A Black couple was denied service at a restaurant and the reason this time was “shoes.”
On October 23 at Umi Sushi in Buckhead, Atlanta, a Black couple arrived for dinner and were denied service because of a dress code violation.
A video uploaded by Kaylan Colbert shows her and husband, who is referred to as Steve, denied entry into the restaurant. Steve then gestured to a white woman who had on tennis shoes and said, “She has on Adidas sneakers.” He did so to show how ridiculous the decision was to target him for his attire.
What could only be concluded from this situation was his blackness was the culprit, not his shoes.
There is no arguing about this situation. What happened was racist. If you try to justify this then you’re choosing to ignore how white supremacy is used to abuse Black people. Just look at the millions of people who voted for Trump as an indication of how deeply racism is ingrained in the bones of this country. Or any part of Black history really. It’s all there for anyone to read and it still finds a way into our everyday life.
So – racist dress codes policies are nothing new. Dress codes are just a poorly veiled dog whistle for “No Blacks Allowed.” What’s different in the social media era is, however, the power of “review bombing.” This is a method of social media reviewing in which people leave messages to negatively impact a product, and in this case of Yelp, a restaurant’s racist practices.
Up until October 8, when a restaurant would be accused of racism and went viral on Twitter, people on social media could go to Yelp and review bomb a restaurant on behalf of the person wronged. In an effort to take a stance against racism, Yelp announced in a press release its decision to disable content on the business’s page to “warn” people that the reviews aren’t coming from people who dealt with the issue first hand.
Noorie Malik, Yelp’s Vice President of User Operations, said that “as the nation reckons with issues of systemic racism, we’ve seen in the last few months that there is a clear need to warn consumers about businesses associated with egregious, racially-charged actions to help people make more informed spending decisions.”
Malik concluded that alerts are nothing new, but now new alerts will link to news articles where readers can learn more about the incident.
Currently, when you visit Umi Sushi’s Yelp page there is a Public Attention Alert (PAA) informing potential diners about increased coverage and that they’re not only investigating content, but they will also disable the ability for users to “express points of view [they] might agree with.”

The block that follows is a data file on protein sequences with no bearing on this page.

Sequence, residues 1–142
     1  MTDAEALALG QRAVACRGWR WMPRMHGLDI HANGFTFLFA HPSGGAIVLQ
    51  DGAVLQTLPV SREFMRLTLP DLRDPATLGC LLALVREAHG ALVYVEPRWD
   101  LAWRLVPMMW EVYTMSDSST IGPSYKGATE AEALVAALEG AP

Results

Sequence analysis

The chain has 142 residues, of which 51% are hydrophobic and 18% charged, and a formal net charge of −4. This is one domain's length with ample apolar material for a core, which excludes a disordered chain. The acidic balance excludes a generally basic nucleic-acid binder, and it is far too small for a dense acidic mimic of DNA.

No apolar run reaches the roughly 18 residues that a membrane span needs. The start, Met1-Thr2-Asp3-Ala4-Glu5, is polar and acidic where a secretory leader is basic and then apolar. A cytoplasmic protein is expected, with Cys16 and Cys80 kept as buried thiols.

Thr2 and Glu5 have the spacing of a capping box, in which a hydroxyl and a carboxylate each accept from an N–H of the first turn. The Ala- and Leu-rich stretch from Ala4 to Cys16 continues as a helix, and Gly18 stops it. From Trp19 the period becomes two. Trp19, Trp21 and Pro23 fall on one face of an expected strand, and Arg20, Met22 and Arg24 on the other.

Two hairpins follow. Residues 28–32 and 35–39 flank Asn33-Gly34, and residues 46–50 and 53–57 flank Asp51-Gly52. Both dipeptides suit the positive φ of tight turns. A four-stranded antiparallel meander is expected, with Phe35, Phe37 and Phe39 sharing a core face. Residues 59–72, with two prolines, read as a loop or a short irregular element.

On the surface, this appears to be a good stance to take because it shows that Yelp is taking a stance on racism. But looking critically at this statement reveals that this decision stops patrons from flagging a company and hits them where it hurts — their pockets. While review bombing can help reduce a company’s revenue in the short-term, it’s not enough to enact long-term change because there is always someone willing to dine in those spaces.
But review bombing isn’t about fairness, it’s about protesting injustice. And with their current decision, Yelp is siding with restaurants and not its customers.
Time and time again we know education doesn’t make racists change, but shame can make them lose business –– and that’s the point. When people are responding to discrimination by voicing their disgust, it’s not about just one person, it’s about every Black person who’s been stopped in a restaurant, club or corner store. It transcends economic punishment.
The use of review bombing on Yelp was like a digital Green Book that let Black people know where to go. It was the bat signal to every Black person to take their money elsewhere. It was used to symbolically save ourselves in a country that doesn’t deserve our loyalty, just like Black women did in this election. Obviously, Yelp can run their platform as they see fit, but simply linking to the news story when a company is flagged isn’t enough. If Yelp really believes in taking a stance on racism they have to do more.
In the Fox5 Atlanta article linked to Umi Sushi’s profile, Kaylan Colbert said, “we’ve seen this on the news over and over lately. Nobody wants to feel that way. Nobody wants to feel like they can’t go to certain places.”
This feeling is what a lot of Black people feel every day, in many spaces, not just food spaces. Feeling like we don’t belong in restaurants is undoubtedly insane when Black people are the architects’ of Southern cuisine is itself.
Make no mistake – every time this happens, Black diners notice who’s protected and who’s silenced. It’s not clear whether the couple will return to the restaurant, but the damage is done – for them, and for other Black people like me who are just trying to eat in peace.
Header image by Yusra Shah